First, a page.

It looks like you're using an Ad Blocker.
Please white-list or disable AboveTopSecret.com in your ad-blocking tool.
Some features of ATS will be disabled while you continue to use an ad-blocker.
Cambridge, Mass. – NASA predicts that 100 million worlds in our own Milky Way galaxy may host alien life, and space program scientists estimate that humans will be able to find life within two decades.
Speaking at NASA’s Washington headquarters on Monday, the space agency outlined a plan to search for alien life using current telescope technology, and announced the launch of the Transiting Exoplanet Surveying Satellite in 2017. The NASA administrators and scientists estimate that humans will be able to locate alien life within the next 20 years.
“Just imagine the moment, when we find potential signatures of life. Imagine the moment when the world wakes up and the human race realizes that its long loneliness in time and space may be over — the possibility we’re no longer alone in the universe,” said Matt Mountain, director and Webb telescope scientist at the Space Telescope Science Institute in Baltimore, which plans to launch the James Webb Space Telescope in 2018.
“Do we believe there is life beyond Earth?” asked former astronaut and NASA Administrator Charles Bolden. “I would venture to say that most of my colleagues here today say it is improbable that in the limitless vastness of the universe we humans stand alone.”
The NASA panel says that ground-based and space-based technology – including the Hubble Space Telescope, the Kepler Space Telescope and the Spitzer Space Telescope – will be able to determine the presence of liquid water, an essential sign of potential alien life.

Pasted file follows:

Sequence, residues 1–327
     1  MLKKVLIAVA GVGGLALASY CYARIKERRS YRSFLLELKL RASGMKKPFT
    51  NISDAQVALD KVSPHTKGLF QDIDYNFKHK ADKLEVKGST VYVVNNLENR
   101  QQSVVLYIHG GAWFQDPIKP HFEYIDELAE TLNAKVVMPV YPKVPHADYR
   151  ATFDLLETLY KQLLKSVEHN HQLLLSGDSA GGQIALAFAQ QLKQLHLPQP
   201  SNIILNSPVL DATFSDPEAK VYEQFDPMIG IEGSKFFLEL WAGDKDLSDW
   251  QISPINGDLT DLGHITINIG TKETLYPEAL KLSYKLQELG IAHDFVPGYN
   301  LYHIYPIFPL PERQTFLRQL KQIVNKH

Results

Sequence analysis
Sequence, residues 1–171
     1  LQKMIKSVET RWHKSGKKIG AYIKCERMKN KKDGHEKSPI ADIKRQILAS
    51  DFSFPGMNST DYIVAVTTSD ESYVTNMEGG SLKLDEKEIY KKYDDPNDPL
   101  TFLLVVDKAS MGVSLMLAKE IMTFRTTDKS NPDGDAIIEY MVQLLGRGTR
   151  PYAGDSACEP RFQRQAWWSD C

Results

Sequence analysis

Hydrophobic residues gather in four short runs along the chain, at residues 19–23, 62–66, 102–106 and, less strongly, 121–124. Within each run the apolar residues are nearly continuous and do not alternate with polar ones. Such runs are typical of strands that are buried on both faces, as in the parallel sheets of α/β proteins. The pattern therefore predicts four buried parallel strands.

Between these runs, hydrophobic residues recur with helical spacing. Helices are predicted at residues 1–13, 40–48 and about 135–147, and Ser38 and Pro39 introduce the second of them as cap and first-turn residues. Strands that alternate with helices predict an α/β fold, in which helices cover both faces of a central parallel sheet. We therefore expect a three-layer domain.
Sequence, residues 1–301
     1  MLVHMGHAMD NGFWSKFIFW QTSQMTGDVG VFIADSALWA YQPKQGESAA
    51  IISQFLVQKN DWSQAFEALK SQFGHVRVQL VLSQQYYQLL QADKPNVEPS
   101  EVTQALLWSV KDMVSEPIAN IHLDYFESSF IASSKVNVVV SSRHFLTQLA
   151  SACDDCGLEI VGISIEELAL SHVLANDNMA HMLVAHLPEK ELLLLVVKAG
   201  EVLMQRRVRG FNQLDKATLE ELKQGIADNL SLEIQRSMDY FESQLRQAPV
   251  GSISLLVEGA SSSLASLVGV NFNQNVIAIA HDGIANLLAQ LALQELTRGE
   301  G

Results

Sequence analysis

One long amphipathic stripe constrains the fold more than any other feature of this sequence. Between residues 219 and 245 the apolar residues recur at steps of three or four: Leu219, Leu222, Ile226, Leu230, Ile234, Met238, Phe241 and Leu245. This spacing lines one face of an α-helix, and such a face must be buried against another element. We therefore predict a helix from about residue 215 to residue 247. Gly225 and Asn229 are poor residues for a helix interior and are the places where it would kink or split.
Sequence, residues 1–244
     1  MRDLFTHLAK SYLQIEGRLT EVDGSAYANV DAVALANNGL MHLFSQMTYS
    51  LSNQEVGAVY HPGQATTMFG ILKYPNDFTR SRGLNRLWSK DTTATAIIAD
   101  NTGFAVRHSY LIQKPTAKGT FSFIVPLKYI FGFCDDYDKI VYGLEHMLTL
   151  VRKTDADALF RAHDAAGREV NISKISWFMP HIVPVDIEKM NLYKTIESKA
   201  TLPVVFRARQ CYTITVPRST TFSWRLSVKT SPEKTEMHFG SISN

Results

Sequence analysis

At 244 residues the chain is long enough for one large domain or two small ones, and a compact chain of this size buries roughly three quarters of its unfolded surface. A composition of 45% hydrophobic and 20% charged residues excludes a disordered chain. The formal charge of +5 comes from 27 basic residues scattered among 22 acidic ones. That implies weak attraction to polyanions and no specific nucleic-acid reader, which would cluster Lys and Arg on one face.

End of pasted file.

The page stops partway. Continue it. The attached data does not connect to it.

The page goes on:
"While Mars is too cold now to have the liquid water needed for life, we've had evidence for past water activity on the planet from satellite images of valleys and analysis of rocks by the Rovers," Dr de Souza said.
"But the water that once shaped those landscapes and minerals was as acidic as vinegar.
"Our latest research has found not only the earliest episode of water activity documented yet by the Opportunity Rover, but that the geochemistry of the 4 billion year old rocks indicates extensive deposits of past water that's among the freshest, most life-sustaining found so far anywhere on Mars.
originally posted by: MRuss
a reply to: FlySolo
Okay. So NASA goes from totally denying life on other planets throughout it's history, to threatening its astronauts to secrecy, to cooperating with the intelligence community for most of its existence to cover up the truth....
to saying today, "Yeah, basically, everybody here today agrees there has to be life on other planets..."
but for you, it's just another day at the office.
Man, you must lead an exciting life.